A hotly debated topic in the philosophy of science is whether we should consider our scientific and social scientific theories descriptions of reality, or if we should instead just consider them instruments for influencing the world. One of the main difficulties facing proponents of scientific anti-realism is distinguishing themselves from anti-realists more generally.
Adamson provides a magisterial account of Platonism after Plato—among many other things.
Much Internet-ink has been spilled over the last few months on the topic of Wheaton College professor Larycia Hawkins’s controversial statement that Muslims and Christians “worship the same God.” Is there something of a modern-day inquisition against Professor Hawkins, or is the Wheaton administration merely taking steps to act in accordance with its institutional mission as an evangelical university?
Have the arts lost their way without the guiding hand and vision of the right benefactors?
“Of all the patterns that occur at many different scales, the most fundamental is the existence of pattern itself.” –David Christian
Part two of a two-part discussion of Peter Novick’s That Noble Dream: The Objectivity Question in the American Historical Profession.
Part one of a two-part discussion of Peter Novick’s That Noble Dream: The Objectivity Question and the American Historical Profession.
“If you drop a hammer on your foot, is it real or is it just your imagination? You can run that test, you know, a couple of times, and I hope you come to agree that it’s probably real.” –Bill Nye
“This mythical drama reminded men that suffering is never final; that death is always followed by resurrection; that every defeat is annulled and transcended by the final victory.” –Mircea Eliade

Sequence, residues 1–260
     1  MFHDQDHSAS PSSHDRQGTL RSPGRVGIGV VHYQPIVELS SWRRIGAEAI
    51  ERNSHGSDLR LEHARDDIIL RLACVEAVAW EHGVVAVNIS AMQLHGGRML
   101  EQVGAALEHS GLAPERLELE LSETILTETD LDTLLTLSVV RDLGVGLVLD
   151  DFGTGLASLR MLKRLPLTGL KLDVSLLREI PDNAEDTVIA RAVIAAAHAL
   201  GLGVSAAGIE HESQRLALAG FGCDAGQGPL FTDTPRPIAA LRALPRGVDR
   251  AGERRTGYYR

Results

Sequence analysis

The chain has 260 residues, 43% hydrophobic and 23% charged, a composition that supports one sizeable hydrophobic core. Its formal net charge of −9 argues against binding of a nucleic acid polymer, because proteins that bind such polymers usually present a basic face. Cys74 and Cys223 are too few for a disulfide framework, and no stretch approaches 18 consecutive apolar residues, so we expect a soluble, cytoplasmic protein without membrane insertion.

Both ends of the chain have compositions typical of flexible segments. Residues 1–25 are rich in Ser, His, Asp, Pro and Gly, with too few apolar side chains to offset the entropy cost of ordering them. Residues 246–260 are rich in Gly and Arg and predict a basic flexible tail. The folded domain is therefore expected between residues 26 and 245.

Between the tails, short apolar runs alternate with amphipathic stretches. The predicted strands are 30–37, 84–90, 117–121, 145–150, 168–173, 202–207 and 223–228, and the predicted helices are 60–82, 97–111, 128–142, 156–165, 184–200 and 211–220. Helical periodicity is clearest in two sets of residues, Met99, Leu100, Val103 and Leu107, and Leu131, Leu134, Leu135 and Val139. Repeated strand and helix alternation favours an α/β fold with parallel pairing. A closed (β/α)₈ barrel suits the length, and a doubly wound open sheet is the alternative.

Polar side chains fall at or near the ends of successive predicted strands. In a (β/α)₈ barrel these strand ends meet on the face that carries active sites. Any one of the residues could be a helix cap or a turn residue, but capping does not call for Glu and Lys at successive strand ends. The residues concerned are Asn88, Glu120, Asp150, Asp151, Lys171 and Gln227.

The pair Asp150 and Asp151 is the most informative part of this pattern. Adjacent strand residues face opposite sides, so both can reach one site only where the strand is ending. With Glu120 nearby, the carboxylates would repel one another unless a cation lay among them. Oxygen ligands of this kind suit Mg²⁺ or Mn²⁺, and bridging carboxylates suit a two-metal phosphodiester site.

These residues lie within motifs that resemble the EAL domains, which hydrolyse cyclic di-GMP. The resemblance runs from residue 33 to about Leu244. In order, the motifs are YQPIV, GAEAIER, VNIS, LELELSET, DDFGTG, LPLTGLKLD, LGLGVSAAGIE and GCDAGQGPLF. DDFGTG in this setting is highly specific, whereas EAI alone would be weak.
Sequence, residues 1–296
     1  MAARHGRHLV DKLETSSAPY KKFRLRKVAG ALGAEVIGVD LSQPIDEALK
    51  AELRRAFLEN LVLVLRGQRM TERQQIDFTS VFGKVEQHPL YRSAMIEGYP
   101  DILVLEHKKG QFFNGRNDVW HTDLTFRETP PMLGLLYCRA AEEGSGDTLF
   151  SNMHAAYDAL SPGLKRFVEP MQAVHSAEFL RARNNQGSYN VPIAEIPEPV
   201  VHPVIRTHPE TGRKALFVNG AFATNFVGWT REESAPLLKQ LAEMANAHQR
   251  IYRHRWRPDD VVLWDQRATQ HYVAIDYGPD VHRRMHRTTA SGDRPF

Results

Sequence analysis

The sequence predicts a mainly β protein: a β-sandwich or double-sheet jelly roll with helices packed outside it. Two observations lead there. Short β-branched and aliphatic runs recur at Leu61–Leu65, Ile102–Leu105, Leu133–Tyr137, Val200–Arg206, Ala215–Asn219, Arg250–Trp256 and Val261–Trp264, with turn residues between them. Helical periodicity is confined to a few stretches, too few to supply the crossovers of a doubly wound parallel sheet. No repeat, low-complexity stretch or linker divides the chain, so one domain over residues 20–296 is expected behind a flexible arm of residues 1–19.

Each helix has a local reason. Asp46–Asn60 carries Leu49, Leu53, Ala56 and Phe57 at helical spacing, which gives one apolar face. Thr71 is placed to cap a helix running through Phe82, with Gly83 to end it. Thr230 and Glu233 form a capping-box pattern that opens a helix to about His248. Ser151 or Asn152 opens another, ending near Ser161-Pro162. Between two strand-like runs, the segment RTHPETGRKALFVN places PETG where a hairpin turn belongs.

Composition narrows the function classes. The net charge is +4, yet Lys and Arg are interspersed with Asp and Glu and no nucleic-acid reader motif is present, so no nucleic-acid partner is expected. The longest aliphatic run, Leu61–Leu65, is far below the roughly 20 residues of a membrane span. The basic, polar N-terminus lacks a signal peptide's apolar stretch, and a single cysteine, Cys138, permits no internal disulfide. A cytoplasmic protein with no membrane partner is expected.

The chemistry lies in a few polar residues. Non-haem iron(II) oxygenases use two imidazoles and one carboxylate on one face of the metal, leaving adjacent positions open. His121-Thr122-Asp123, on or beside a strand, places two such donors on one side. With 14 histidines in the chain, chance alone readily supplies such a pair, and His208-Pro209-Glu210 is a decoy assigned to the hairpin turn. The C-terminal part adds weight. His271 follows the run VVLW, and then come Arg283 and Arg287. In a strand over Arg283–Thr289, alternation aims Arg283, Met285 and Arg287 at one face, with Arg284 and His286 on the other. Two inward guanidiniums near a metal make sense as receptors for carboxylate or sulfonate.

“Historiography that aspires to get closer and closer to the documents—all the documents and nothing but the documents—is merely moving closer to incoherence, chaos, and meaninglessness.” –William McNeill
“Knowledge is a product of wrestling not only with the ‘facts’ but with ourselves. Where alternative visions of reality are not entertained as genuine possibilities, the product of thought tends toward blandness and unearned self-confidence.” –Hayden White
“Narrative structures penetrate our consciousness of events in ways parallel to those in which … theories penetrate observations in science.” –Arthur Danto
“If the modern technical age is to remain human, it cannot overlook the truth that our ancestors have left with us.” –Marshall G.S. Hodgson
“The bourgeois public sphere may be conceived above all as the sphere of private people come together as a public; they soon claimed the public sphere regulated from above against the public authorities themselves, to engage them in a debate over the general rules governing relations in the basically privatized but publicly relevant sphere of commodity exchange and social labor.” –Jurgen Habermas
“In a very real sense it may be said of the eighteenth century that it was an age of faith as well as of reason, and of the thirteenth century that it was an age of reason as well as of faith.” –Carl Becker
An Epicurean examination of the war on drugs.
“The present is the past rolled up for action, and the past is the present unrolled for understanding.” –Will Durant
“The belief in historical destiny is sheer superstition. There can be no prediction of the course of human history by scientific or any other rational methods.” –Karl Popper
“I remember a night near Bahia when I was enveloped in a firework display or phosphorescent fireflies; their pale lights glowed, went out, shone again, all without piercing the night with any true illumination. So it is with events; beyond their glow, darkness prevails.” –Fernand Braudel
Exploration of the big idea that permeates Ta-Nehisi Coates’s Between the World and Me.